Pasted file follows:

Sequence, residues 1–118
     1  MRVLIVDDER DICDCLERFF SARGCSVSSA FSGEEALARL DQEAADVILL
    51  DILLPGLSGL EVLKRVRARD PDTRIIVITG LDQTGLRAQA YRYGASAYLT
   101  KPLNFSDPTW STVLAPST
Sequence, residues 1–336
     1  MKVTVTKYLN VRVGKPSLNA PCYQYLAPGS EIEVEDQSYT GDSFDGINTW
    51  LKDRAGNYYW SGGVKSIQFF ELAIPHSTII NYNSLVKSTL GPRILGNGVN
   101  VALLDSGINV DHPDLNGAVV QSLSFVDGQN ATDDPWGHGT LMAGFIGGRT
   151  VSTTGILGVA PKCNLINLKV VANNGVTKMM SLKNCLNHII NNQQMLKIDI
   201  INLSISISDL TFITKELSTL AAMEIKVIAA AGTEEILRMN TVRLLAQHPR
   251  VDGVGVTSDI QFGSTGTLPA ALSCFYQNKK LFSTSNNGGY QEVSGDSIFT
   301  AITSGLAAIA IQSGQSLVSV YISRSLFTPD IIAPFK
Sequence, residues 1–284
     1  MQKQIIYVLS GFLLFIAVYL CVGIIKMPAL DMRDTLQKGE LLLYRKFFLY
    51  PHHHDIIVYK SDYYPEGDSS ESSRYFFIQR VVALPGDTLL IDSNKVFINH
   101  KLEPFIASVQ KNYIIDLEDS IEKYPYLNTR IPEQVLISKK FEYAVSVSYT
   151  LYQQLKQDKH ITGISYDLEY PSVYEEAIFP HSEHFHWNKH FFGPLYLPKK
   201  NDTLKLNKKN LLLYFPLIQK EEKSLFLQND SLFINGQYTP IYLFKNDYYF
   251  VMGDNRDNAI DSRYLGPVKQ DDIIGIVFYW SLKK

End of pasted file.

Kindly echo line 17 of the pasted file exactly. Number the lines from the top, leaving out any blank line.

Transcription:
   151  LYQQLKQDKH ITGISYDLEY PSVYEEAIFP HSEHFHWNKH FFGPLYLPKK